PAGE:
This article does not cite any sources. (January 2012) (Learn how and when to remove this template message)
For elements lighter than iron on the periodic table, nuclear fusion releases energy while fission consumes it. For iron, and for all of the heavier elements, nuclear fusion consumes energy, but nuclear fission releases it. Chemical elements up to the iron peak are produced in ordinary stellar nucleosynthesis. Heavier elements are produced only during supernova nucleosynthesis. This is why we have more iron peak elements than in its neighbourhood.
The graph below shows the nuclear binding energy per nucleon (total average binding energy per nucleic subatomic particle (protons and neutrons) of a given element) of those 7 "key"(to fusion & fission study) elements denoted in the graph by their abbreviations (4 with more than 1 isotope referenced). Increasing values of binding energy can be thought as the energy released when a collection of nuclei is rearranged into another collection for which the sum of nuclear binding energies is higher. As can be seen, light elements such as hydrogen release large amounts of energy (a big increase in binding energy) when combined to form heavier nuclei—the process of fusion. Conversely, heavy elements such as uranium release energy when converted to lighter nuclei—processes of alpha decay and nuclear fission. 56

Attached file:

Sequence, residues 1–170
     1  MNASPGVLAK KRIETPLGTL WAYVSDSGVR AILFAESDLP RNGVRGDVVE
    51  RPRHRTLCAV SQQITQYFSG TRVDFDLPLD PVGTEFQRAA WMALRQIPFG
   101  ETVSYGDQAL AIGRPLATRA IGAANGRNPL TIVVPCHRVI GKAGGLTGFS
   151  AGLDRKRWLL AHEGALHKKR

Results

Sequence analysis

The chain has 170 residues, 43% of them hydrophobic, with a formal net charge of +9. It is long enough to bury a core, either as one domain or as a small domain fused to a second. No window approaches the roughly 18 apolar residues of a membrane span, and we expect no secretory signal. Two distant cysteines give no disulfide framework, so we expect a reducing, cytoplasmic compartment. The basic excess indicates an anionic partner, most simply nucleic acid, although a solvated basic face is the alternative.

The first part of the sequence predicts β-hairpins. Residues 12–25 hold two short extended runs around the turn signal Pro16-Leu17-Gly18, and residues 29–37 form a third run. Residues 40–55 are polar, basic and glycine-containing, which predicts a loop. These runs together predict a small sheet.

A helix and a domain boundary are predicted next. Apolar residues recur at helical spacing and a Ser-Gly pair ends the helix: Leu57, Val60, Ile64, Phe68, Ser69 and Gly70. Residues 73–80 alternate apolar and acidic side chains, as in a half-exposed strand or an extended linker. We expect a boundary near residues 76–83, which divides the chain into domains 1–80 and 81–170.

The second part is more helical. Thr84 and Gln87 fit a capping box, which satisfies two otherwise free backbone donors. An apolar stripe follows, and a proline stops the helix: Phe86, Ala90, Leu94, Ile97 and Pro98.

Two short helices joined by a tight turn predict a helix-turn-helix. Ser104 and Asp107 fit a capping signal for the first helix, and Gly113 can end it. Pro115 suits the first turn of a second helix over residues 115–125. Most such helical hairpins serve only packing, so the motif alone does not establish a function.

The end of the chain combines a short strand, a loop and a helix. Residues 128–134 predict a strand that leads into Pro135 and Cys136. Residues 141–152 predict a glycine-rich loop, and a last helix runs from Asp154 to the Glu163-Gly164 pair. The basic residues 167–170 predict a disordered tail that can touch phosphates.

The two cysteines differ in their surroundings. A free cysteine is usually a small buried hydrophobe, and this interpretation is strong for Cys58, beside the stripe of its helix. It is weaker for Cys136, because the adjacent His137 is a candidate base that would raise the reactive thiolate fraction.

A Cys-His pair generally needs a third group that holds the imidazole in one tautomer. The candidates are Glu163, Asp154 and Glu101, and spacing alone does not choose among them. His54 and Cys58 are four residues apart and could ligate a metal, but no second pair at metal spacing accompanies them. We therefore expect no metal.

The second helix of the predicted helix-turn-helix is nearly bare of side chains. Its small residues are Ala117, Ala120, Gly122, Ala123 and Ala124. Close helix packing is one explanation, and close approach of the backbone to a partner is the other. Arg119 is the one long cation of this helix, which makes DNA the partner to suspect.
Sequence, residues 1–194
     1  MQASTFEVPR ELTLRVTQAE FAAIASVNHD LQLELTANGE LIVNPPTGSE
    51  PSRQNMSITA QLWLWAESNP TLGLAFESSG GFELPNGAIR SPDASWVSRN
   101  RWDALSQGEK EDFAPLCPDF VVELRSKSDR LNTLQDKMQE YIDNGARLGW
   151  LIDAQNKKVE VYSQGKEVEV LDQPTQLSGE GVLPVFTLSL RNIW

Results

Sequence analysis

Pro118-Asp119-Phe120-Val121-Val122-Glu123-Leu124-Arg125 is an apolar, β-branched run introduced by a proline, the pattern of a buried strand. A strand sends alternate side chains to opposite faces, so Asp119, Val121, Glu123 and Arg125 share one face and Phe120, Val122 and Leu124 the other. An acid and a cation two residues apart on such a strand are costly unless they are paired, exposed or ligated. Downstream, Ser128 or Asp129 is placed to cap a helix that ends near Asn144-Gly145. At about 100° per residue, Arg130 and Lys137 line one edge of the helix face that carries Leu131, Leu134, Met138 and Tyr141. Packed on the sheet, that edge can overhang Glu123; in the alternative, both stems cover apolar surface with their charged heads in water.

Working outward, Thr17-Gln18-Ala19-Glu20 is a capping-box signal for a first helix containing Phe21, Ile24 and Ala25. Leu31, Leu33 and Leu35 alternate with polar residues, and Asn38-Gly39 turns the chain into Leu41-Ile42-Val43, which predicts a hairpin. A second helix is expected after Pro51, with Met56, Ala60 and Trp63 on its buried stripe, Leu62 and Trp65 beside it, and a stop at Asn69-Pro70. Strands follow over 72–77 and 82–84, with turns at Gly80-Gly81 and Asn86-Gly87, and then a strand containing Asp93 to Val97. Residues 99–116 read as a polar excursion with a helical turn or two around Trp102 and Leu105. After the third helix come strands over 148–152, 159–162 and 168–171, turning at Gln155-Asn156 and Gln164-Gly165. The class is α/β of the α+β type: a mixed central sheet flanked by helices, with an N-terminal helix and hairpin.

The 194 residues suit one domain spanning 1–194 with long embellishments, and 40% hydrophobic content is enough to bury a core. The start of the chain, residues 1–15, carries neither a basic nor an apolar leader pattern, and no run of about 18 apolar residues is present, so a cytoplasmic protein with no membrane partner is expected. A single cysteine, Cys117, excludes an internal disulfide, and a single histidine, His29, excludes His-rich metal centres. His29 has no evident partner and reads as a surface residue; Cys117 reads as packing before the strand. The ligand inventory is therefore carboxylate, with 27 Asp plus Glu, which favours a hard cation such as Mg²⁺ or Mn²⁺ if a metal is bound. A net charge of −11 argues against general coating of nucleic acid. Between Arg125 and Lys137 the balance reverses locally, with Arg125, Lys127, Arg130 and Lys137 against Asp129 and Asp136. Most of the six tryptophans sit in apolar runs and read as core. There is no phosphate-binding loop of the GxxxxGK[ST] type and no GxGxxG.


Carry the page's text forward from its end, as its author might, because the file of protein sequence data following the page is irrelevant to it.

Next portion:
is the most thermodynamically favorable in the cores of high-mass stars (see also Silicon burning process). Although iron-58 and nickel-62 have even higher (per nucleon) binding energy, their synthesis cannot be achieved in large quantities because the required number of neutrons is typically not available in the stellar nuclear material.